Under American jurisprudence, for a contract to be legal, each side must provide what is called “consideration.” That means that each side promises to do something, or not do something, in return for the other side agreeing to do something or not do something. If I sign a contract agreement agreeing to give you $1,000, that contract is not enforceable unless you promise to give me something in return, or do something in reliance upon my promise. Given that parties to contracts, by definition, value what they are getting more than what they are giving, courts do not get involved with the comparative values of the promises. As long as each side gives at least something, the contract is valid. As Lord Somervell noted in Chappell v Nestlé, half a century ago “A peppercorn does not cease to be good consideration if it is established that the promisee does not like pepper and will throw away the corn.”
The Huffington Post
The Huffington Post is a news website, distributing posts from over 9,000 unpaid bloggers. As noted in The Huffington Post Terms and Conditions:
(b) By posting or submitting content on or to our site (regardless of the form or medium with respect to such content, whether text, videos, photographs, audio or otherwise), you are giving us, and our affiliates, agents and third party contractors the right to display or publish such content on our site and its affiliated publications (either in the form submitted or in the form of a derivative or adapted work), to store such content, and to distribute such content and use such content for promotional and marketing purposes. Without limiting the generality of the foregoing, with respect to any video submissions to us made by you from time to time, you understand and agree that (unless you and we agree otherwise) we may, or may permit users to, based solely on functionality provided and enabled by our website, compile, re-edit, adapt or modify your video submission, or create derivative works therefrom, either on a stand-alone basis or in combination with other video submissions, and (unless you and we agree otherwise) you shall have no rights with respect thereto and we or our licensees shall be free to display and publish the same (as so compiled, re-edited, adapted, modified or derived) for any period.
On February 7, 2011, AOL announced it had agreed to acquire The Huffington Post for $315 million. In response, a group of The Huffington Post bloggers brought a class action lawsuit against AOL, Inc., asserting the roughly 9,000 Huffington Post bloggers deserved to split $105 million of that purchase price. The lawsuit alleged The Huffington Post engaged in deceptive business practices, deceiving the bloggers as to the popularity of their posts, and was unjustly enriched by the revenue generated therefrom. The lawsuit alleged that “Unlike social networking internet platforms, micro-blogging internet sites, and other digital media sites, such as TheDailyKos.com, TheHuffingtonPost.com selects its content providers and does not allow content from non-vetted providers. [...] Plaintiff and the Classes were not officious contributors to the TheHuffingtonPost.com and, rather, were carefully selected, and in some cases recrutited, by TheHuffingtonPost.com to perform services for it.”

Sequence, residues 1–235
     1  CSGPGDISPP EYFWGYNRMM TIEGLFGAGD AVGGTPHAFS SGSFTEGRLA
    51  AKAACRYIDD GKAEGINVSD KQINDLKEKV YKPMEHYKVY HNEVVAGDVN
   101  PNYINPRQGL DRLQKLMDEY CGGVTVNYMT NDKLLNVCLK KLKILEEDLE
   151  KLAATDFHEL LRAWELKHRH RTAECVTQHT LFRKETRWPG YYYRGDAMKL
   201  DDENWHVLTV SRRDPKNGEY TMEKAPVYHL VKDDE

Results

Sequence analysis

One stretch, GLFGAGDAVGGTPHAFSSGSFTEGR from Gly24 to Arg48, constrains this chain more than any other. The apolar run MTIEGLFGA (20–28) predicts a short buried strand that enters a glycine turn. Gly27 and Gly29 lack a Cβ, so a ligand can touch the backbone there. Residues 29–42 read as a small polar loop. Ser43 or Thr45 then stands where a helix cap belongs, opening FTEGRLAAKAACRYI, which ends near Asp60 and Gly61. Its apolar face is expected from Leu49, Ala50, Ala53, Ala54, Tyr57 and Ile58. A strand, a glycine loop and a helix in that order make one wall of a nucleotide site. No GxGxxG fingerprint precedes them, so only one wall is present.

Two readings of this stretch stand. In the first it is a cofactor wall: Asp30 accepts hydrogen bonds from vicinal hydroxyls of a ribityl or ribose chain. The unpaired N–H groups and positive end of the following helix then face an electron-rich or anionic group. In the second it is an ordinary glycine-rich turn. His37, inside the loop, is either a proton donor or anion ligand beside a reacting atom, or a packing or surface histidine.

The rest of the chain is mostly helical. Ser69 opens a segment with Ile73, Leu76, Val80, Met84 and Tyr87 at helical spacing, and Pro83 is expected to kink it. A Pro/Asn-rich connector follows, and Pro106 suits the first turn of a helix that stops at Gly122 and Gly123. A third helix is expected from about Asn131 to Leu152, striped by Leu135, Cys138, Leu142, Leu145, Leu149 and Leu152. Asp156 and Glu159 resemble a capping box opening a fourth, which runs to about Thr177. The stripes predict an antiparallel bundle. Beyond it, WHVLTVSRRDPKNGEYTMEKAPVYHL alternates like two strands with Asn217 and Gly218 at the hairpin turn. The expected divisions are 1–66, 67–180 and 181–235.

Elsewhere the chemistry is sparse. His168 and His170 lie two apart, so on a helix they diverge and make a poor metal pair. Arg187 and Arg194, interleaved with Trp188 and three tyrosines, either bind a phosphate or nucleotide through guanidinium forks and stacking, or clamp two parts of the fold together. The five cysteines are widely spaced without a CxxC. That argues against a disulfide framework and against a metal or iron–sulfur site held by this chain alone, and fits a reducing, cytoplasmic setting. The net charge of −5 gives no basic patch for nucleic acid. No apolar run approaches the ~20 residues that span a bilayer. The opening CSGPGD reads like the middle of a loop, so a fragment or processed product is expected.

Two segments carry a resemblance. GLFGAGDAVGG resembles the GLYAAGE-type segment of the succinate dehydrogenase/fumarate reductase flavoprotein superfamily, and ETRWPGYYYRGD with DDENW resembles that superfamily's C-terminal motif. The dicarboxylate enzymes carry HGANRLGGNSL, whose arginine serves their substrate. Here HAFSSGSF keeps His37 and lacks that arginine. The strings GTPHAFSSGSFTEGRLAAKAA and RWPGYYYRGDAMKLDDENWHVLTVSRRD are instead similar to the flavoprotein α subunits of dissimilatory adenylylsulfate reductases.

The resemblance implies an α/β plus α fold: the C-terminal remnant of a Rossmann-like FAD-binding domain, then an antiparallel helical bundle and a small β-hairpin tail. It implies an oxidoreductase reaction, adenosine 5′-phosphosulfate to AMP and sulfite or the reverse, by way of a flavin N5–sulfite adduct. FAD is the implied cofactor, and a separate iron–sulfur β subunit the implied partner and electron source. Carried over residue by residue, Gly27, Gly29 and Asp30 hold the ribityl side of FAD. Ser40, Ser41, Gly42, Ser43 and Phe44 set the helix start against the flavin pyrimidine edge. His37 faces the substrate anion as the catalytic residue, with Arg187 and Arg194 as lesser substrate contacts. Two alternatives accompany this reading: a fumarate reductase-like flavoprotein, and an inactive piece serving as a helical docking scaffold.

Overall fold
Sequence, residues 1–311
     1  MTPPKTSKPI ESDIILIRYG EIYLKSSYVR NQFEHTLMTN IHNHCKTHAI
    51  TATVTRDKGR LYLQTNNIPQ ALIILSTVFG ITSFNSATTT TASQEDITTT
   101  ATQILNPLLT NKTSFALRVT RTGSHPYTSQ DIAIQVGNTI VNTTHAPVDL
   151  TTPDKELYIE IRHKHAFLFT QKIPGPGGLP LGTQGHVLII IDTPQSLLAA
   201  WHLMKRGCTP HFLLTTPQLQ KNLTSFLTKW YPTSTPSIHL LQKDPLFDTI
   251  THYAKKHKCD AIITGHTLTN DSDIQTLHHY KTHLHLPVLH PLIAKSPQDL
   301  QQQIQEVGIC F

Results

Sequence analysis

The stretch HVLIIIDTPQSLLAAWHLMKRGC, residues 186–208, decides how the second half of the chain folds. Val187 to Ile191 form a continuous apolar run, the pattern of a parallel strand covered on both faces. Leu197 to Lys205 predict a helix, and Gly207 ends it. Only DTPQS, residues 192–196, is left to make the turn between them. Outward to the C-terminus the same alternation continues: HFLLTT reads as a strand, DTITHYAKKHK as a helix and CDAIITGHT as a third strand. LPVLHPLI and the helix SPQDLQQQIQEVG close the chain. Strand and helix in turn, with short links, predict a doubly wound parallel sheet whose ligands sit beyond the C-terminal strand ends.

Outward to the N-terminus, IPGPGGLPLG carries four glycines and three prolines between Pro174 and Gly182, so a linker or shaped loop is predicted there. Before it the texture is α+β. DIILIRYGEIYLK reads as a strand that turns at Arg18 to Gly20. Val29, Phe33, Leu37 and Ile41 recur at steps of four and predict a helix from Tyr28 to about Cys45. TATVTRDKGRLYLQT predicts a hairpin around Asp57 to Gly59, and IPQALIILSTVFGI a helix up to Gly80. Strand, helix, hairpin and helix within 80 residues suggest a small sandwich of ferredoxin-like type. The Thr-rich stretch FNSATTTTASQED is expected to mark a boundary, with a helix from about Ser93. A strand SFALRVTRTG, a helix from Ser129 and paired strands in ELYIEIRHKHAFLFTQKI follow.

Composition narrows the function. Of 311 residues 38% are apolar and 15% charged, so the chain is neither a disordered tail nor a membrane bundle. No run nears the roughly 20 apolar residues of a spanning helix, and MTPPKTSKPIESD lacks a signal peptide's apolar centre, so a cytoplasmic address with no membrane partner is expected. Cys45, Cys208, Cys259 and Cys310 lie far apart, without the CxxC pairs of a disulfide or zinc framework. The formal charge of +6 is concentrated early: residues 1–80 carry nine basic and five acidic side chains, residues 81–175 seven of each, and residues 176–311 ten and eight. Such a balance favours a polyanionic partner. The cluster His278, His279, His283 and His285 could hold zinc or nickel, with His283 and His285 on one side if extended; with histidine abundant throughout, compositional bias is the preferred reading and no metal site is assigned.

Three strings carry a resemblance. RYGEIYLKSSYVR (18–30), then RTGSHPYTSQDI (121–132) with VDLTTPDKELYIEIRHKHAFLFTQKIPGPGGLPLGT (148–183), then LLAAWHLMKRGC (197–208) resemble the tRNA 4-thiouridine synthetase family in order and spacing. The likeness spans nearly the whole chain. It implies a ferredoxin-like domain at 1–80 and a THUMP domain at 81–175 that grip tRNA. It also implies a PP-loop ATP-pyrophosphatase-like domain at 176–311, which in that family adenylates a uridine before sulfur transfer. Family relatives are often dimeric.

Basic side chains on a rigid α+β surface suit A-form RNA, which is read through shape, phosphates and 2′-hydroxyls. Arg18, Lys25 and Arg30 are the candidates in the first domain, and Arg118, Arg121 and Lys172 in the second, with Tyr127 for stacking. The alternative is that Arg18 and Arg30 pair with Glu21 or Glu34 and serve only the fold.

Yesterday, U.S. District Judge John Koeltl dismissed the bloggers’ lawsuit, ruling “No one forced the plaintiffs to give their work to The Huffington Post for publication and the plaintiffs candidly admit that they did not expect compensation.” The Judge went on to note “[t]he principles of equity and good conscience do not justify giving the plaintiffs a piece of the purchase price when they never expected to be paid, repeatedly agreed to the same bargain, and went into the arrangement with eyes wide open.” In response to the dismissal, the bloggers’ attorney stated “We are reviewing the decision and considering our options.”
Content, Content, Content
Social media is all about the content. Bloggers leverage better content to convince bigger content distributors to distribute that content to a wider audience. Most bloggers never attract the eye of a content distributor with a million plus unique visitors a day, like TheHuffingtonPost.com. Often, it is only when a content distributor generates large amounts of revenue, that the blogger begins to think about compensation. The bloggers may become indignant “That distributor is generating huge amounts of revenue our work, and we are not receiving any money.” But the bloggers are getting some compensation, at least according to Judge Koeltl. The fact that the bloggers are only getting publication in return for their work does not matter, as long as they are getting something in return, even if that is only a peppercorn.
Negotiate Before, Not After
If you are a blogger, website developer, graphic designer or other content provider, negotiate the terms of your service up front, in writing. You may decide that the opportunity to garner you work some exposure is worth the cost of creating it. If so, that is fine. Just be prepared if your work starts generating revenue for some third party, beyond your wildest expectation. The increased exposure of your work is likely the only additional compensation you will receive, which is nothing to sneeze at.